I have been a big fan of professional wrestling for years, although I do not have time to follow it religiously now a days, I do check in on it every now and then. When watching wrestling I’m always surprised that no one has created a long running serialized wrestling comic. Comic seems like the perfect vehicle for wrestling stories.
Enter J. Gonzo’s La Mano del Destino. With this book J. Gonzo (Jason Gonzales) has created something that I believe is truly missing from the comics shelves, a serialized wrestling comic book. While La Mano del Destino is only planned as a mini-series, but it is great to see the possibilities of a wrestling comic being explored.
Now I know there are other comics that involve wrestling that have been published, but there is something special about Gonzo’s book. I’m not sure what it is. Maybe it’s the in your face art style that Gonzo uses during the matches. Maybe it’s the quite real life moments outside the ring. Or maybe it is the coloring that makes every page jump with excitement. Whatever it is, I will be sad when this series is over.
So far to date there are 3 issues of La Mano del Destino published by Castle & Key. All 3 issue can be read here for your enjoyment, but to really enjoy these comics, I would advise hunting down the physical books. La Mano del Destino feels like a treasure that you missed during the 70’s-80’s era of comics rather than the typical slick books that are published today.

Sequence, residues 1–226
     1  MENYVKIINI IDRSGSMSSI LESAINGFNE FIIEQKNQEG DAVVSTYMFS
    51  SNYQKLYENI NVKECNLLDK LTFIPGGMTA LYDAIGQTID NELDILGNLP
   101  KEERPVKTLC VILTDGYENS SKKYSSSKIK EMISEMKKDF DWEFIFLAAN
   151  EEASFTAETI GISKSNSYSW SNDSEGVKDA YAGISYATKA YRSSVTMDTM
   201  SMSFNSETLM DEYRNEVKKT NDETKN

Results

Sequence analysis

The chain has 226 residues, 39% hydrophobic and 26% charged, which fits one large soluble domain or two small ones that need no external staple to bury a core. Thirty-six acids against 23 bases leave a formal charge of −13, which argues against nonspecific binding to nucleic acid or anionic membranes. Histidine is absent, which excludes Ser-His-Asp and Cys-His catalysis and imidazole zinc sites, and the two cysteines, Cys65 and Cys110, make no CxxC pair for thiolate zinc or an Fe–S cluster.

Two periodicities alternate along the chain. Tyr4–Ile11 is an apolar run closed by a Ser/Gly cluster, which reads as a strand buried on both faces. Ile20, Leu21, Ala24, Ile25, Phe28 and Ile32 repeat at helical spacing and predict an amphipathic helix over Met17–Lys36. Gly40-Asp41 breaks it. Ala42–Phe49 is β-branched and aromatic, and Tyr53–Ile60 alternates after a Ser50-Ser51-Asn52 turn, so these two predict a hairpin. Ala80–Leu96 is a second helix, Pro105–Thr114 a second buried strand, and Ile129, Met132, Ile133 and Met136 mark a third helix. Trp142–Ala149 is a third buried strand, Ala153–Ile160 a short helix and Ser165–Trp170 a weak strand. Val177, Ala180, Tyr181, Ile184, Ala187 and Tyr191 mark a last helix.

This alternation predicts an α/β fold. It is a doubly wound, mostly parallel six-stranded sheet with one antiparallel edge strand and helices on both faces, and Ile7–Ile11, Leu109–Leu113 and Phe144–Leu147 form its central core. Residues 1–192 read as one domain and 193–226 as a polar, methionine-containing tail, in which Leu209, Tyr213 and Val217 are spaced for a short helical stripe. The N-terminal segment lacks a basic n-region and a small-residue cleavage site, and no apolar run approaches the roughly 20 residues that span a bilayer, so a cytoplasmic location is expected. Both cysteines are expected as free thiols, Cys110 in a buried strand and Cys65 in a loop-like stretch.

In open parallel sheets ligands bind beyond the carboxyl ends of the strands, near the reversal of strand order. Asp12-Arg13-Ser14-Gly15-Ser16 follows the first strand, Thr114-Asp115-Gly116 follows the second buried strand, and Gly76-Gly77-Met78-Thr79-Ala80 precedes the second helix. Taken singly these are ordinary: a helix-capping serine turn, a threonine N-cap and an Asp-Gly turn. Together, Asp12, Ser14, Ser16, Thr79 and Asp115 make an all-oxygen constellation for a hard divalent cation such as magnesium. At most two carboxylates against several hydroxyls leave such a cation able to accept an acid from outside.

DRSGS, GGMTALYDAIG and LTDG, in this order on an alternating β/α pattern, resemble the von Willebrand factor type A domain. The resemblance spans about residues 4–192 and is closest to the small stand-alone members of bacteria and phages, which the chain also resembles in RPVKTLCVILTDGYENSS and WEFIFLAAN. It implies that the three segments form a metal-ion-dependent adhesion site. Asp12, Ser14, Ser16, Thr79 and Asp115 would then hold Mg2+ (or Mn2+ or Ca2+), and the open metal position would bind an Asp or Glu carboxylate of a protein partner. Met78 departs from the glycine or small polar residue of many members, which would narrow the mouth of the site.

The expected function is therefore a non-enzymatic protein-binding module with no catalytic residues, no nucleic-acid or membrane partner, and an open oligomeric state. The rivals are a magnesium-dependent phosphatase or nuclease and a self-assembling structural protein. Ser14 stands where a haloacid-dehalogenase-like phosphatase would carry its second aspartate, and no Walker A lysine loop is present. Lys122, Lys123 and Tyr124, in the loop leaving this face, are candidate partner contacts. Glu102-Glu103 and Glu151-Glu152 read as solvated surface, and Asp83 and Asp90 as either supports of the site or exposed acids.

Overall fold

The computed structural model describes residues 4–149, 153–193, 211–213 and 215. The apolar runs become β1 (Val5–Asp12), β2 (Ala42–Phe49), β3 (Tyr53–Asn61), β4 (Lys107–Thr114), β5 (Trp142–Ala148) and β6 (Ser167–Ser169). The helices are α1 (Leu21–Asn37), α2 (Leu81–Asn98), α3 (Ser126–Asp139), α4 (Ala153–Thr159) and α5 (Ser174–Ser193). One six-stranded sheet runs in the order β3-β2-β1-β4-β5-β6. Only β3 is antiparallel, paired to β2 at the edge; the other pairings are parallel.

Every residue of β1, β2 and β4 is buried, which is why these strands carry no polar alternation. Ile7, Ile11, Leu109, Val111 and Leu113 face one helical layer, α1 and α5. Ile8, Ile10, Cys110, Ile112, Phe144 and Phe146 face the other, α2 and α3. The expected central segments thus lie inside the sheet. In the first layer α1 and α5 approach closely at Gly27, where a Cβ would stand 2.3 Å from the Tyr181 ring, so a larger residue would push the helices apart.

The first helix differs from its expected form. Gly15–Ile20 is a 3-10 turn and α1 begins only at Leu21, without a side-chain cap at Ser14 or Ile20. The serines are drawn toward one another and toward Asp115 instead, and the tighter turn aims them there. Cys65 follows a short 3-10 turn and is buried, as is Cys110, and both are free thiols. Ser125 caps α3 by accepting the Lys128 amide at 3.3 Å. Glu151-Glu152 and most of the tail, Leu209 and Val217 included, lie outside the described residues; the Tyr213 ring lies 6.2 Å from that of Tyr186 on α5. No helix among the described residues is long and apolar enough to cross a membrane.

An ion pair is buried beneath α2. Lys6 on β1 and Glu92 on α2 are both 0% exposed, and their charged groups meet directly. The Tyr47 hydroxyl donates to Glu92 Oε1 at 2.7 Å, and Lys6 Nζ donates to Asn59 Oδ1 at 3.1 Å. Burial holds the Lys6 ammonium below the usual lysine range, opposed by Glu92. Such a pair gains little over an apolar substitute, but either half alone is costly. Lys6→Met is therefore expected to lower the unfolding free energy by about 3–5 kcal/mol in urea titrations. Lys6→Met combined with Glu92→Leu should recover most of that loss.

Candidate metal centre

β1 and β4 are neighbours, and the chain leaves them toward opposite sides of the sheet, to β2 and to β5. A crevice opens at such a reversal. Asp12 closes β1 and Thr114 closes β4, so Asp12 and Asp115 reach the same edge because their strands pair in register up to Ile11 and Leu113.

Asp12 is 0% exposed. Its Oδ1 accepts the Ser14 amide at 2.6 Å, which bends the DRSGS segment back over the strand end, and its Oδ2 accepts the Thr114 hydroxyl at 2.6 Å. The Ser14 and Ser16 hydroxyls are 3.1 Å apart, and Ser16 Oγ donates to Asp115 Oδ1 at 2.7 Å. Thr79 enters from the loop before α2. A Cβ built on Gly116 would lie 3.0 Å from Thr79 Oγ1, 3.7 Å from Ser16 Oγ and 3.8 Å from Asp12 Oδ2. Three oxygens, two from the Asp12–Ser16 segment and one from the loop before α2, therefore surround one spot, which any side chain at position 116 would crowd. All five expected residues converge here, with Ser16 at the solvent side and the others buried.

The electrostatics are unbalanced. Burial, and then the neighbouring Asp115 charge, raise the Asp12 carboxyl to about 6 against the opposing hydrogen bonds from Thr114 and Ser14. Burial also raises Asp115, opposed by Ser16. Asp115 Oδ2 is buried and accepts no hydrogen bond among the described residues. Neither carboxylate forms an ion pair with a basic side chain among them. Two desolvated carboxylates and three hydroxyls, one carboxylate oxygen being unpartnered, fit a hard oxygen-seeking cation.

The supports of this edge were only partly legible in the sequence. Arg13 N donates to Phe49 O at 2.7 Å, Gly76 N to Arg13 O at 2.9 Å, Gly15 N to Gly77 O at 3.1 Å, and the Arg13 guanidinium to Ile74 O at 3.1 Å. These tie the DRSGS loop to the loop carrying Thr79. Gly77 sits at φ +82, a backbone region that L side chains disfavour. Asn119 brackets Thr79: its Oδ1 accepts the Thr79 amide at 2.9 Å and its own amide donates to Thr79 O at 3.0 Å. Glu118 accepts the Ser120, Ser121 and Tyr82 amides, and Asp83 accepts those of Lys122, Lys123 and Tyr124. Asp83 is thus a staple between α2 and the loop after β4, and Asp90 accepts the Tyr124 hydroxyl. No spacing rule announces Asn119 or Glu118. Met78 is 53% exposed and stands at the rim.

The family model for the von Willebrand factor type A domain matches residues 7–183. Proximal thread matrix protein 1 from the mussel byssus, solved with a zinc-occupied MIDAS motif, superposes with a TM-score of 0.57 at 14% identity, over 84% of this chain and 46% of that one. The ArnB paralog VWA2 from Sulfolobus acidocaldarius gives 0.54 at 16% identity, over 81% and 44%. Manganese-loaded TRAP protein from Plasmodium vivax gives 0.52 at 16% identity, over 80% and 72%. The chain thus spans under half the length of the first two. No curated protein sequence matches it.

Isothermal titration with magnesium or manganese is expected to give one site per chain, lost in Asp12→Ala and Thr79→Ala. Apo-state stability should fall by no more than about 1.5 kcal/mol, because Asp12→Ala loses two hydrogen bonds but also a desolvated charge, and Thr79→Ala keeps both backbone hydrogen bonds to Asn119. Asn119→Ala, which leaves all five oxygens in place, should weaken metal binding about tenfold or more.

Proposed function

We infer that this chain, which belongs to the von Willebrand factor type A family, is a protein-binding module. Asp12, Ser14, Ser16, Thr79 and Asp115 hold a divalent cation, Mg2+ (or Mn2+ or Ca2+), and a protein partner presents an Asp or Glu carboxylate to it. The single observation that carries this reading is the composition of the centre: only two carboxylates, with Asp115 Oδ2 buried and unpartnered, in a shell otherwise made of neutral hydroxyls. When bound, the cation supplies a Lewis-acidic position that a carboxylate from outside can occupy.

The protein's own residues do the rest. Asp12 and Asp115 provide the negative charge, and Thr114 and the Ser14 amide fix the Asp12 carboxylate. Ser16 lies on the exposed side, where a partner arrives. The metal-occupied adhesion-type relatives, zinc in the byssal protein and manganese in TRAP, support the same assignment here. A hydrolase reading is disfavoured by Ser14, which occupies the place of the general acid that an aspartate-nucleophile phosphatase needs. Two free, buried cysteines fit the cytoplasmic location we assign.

sample pages for issue 1
The wrestling is luchadore style, if you are not familiar with some of the common terms used in that form of wrestling, you might want to keep the internet within reach while reading. Each issue is self-contained, so you do not have to start with issue 1 to enjoy the story. However reading all three issues will enrich your understanding of the character and the larger storyline that is being played out.
La Mano del Destino is a topnotch labor of love. I really enjoyed each issue and was sad when I thought it was gone after just 2 issue (issue 2 was published in 2011 and issue 3 in 2013). But the series appear to be back and on track, well worth checking out.
-Denny Riccelli creates comics under the pen name ‘dennmann’ he currently publishes the webcomic Cousin Harold and some mini-comics now and then, including Jenny Spookawski Ghost Girl. He lives in Peoria, Arizona with his wife and 2 kids.